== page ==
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Re: More musing on water change.



I have been sitting on an article for JAKA that deals with this subject. It 
uses mathematical models and some simplified assumptions to help provide 
guidance. In summary, it states that it all depends on the assumptions you 
make and what you use to replace the changed water. If the water deteriorates 
at some level (say 10% between water changes) and you use the original water 
supply as replacement, then a steady state can be achieved that is slightly 
higher in pollutants than the tap water. If you dilute the tapwater with RO 
water (assumed to be zero contaminants), then you can use less percentage 
water change to achieve the steady state. If, on the other hand, you assume a 
more significant deterioration and a smaller water change, the water gets 
progressively worse in quality. Then you get in the situation that we want to 
avoid -- that is the water is now significantly different from the 
replacement water and a massive water change will create a shock to the fish. 
Then you have to do a lot of smaller changes to get back to the desired 
state. In any case, the more changes you do, the better you maintain the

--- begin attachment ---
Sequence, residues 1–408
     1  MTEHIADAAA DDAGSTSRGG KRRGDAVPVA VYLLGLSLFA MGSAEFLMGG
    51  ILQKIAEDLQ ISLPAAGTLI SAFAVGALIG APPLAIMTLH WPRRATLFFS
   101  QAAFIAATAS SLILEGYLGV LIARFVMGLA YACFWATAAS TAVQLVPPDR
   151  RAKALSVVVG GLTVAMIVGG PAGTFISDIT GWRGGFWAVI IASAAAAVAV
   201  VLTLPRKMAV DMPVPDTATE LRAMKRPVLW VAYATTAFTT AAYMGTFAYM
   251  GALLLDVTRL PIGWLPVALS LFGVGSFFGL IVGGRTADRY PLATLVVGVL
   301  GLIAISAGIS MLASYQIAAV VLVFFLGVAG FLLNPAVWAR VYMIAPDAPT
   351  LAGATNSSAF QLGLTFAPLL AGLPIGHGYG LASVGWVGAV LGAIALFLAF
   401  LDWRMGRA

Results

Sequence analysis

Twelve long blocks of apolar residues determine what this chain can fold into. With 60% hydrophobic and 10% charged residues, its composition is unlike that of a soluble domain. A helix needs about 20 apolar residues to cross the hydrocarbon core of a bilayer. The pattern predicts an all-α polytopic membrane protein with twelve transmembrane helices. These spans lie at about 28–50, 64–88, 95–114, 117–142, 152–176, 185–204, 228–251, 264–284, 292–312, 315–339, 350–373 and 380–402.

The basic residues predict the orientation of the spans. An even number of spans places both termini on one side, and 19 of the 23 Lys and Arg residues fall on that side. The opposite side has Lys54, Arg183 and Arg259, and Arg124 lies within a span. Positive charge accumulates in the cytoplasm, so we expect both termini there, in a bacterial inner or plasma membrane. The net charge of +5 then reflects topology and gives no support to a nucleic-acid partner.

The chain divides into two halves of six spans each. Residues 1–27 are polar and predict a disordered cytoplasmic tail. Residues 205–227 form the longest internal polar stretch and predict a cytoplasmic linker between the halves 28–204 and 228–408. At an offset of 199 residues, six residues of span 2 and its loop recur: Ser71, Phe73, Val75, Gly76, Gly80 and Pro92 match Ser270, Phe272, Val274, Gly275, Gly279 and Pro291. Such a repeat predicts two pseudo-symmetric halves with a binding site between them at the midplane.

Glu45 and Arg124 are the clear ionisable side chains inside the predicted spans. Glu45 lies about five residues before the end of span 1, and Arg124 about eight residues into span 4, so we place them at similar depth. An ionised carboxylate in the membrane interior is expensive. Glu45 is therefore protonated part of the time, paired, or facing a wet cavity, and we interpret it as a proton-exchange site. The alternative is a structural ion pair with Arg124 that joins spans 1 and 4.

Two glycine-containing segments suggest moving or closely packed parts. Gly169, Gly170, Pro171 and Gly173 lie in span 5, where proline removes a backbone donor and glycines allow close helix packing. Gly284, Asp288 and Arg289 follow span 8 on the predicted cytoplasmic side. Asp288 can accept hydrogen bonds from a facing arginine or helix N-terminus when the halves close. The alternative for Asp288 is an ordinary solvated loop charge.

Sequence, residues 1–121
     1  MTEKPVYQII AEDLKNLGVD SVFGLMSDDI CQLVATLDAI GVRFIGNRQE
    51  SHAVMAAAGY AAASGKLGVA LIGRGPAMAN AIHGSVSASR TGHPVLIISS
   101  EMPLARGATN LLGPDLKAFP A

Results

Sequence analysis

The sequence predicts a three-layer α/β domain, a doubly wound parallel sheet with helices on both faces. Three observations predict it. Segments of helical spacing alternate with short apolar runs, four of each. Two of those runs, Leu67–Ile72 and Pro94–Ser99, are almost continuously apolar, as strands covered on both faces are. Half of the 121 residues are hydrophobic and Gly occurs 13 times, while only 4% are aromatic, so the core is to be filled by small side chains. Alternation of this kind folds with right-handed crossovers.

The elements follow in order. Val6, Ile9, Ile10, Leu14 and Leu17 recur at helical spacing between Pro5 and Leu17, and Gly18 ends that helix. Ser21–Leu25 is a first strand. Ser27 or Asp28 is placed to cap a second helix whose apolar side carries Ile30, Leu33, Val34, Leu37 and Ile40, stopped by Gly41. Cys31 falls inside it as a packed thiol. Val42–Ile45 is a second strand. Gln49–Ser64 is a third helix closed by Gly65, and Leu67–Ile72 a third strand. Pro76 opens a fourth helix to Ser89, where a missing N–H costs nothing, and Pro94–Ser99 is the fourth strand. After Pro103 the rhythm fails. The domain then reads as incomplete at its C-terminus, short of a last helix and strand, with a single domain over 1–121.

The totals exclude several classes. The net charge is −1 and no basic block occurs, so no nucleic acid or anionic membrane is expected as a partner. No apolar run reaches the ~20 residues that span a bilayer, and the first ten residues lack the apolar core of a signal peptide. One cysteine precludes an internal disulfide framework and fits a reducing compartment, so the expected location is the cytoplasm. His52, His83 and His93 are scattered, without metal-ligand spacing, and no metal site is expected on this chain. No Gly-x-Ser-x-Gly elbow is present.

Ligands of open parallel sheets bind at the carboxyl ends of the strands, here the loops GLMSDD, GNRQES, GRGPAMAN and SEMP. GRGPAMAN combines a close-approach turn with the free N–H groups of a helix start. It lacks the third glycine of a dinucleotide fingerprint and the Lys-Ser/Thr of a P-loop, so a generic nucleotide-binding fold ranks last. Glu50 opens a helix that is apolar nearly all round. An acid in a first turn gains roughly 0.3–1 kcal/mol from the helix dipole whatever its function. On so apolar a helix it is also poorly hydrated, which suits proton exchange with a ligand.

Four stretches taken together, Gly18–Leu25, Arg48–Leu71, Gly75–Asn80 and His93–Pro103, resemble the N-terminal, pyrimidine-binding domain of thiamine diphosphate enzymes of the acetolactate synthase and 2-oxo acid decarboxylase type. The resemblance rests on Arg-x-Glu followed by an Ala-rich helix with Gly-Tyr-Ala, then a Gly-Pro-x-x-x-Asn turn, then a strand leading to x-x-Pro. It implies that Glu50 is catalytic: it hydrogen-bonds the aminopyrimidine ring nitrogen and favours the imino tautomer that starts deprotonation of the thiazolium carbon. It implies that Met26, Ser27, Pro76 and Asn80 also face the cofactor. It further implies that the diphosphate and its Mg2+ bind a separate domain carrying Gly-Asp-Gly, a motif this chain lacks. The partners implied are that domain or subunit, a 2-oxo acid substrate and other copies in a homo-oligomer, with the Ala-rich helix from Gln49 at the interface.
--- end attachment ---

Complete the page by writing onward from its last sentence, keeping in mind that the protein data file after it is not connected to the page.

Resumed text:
lower level of contaminants, assuming the replacement water has an acceptable 
composition.
    An example that is probably illustrative of this is the following:
Assume that the tap water has 400 ppm TDS and you use it for the initial and 
replacement water. Also assume that the water deteriorates at 10% added TDS 
between water changes. Then the water reaches a steady state after 4 water 
changes of 50%, where the value goes to 488 ppm and returns to 444 ppm at 
each water change, Probably an acceptable state for most fishes. If you need 
lower TDS then you start with that and use that for replacement.
    However if you do only 20% water changes with the above scenario, the 
value will climb to 665 ppm after 40 water changes and is still climbing 
slowly.

    Big caveat -- the above is totally focussed on one parameter. In real 
life, upsets in aquaria occur, like overfeeding, a fish dies, some plants 
start flourishing, etc.
These make these basic principles just that -- basic principles, not hard and 
fast rules.
    In any case, more frequent water changes are better than infrequent water 
changes. Higher percentage water changed is better as long as the change is 
not too drastic and the water quality going in is OK. Diluting the source 
water with DI or RO water helps dilute any dissolved materials that are 
already present in the tap water or to maintain a lower level of TDS, for 
example, than the tap water provides.
    None of this addresses the issue of the undissolved sediments, which can 
be beneficial or harmful, but in any case may be unsightly.
    Another factor that this model reveals is that you can only decide what 
is the proper amount of water you should change if you know the amount that 
contaminants are increasing between water changes. One over simplified way to 
do this is to check some easily measured parameter, like TDS. Then you can 
choose your water changing methods to control that rate of change.

Lee Harper
Media, PA
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